Amid Rise in Fires, Brooklyn Appeals for Its Own Burn Unit

BROOKLYN -

In the aftermath of a historically high incidence of fires in Brooklyn, the borough’s entire political leadership appealed Tuesday to the mayor to fund a burn unit within its borders.

Borough President Eric Adams and Brooklyn’s entire City Council delegation joined in calling on Mayor Bill de Blasio to allocate $10 million in the upcoming budget to complete the creation of Brooklyn’s first burn unit.

“If Brooklyn were an independent city, it would be the fourth-largest city in the United States… Yet, in a borough of 2.6 million people, there are no burn centers within its borders,” the officials wrote in a letter to de Blasio. “As a point of comparison, Chicago — a city with a population roughly equivalent to that of Brooklyn — has two burn centers.”

A burn center provides all phases of healthcare for burns, including treatment of wounds and surgery, rehabilitation services and reconstructive surgery. They treat a variety of burn types, such as the thermal burns sustained in a fire, chemical burns caused by common household cleaners and swimming pool chemicals, scald burns produced by hot liquids, as well as electrical burns that can also cause internal damage.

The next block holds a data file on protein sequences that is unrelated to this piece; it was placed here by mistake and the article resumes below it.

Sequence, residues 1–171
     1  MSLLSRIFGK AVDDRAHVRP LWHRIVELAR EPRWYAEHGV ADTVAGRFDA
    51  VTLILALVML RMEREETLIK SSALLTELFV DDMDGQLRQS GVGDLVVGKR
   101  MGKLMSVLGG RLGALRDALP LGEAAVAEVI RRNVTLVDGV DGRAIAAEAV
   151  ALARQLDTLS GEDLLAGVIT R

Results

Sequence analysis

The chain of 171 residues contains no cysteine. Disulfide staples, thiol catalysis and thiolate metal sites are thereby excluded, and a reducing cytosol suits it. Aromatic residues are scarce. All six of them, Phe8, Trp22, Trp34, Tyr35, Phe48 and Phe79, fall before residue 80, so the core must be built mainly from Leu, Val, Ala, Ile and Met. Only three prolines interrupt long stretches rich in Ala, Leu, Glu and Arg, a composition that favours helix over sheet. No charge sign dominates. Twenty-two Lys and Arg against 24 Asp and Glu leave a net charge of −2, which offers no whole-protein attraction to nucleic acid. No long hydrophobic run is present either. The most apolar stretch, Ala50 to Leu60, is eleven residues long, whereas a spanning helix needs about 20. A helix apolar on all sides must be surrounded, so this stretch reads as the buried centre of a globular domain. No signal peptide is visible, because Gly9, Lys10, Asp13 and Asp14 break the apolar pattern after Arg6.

Currently, burn victims in New York City are either sent to Columbia-Presbyterian Hospital in Manhattan, Jacobi Hospital in the Bronx, and Staten Island University Hospital North.

This renewed push comes amid a rise in local fires. Last year, the city’s fire department responded to 8,206 structural fires and 4,974 non-structural fires in Brooklyn, an increase of nearly two percent and 6.5 percent over 2016, respectively.

Civilian fatalities across the city were at 73 last year, the highest since 2008 and up sharply from the 48 fire deaths in 2016. The worst in Brooklyn was the Azan family tragedy, in which a mother and three of her children perished in flames on Chanukah.

Cost estimates for the first year of operation for a new eight-bed burn unit are $14.5 million. Adams says he committed $4.15 million from his budget and he wants the city to take up the rest.

“The deaths of the Azan family in Sheepshead Bay have reignited my determination to bring our borough its first burn unit,” Adams said in a statement, “just as the deaths of the Sassoon family in Midwood first sparked my call three years ago.”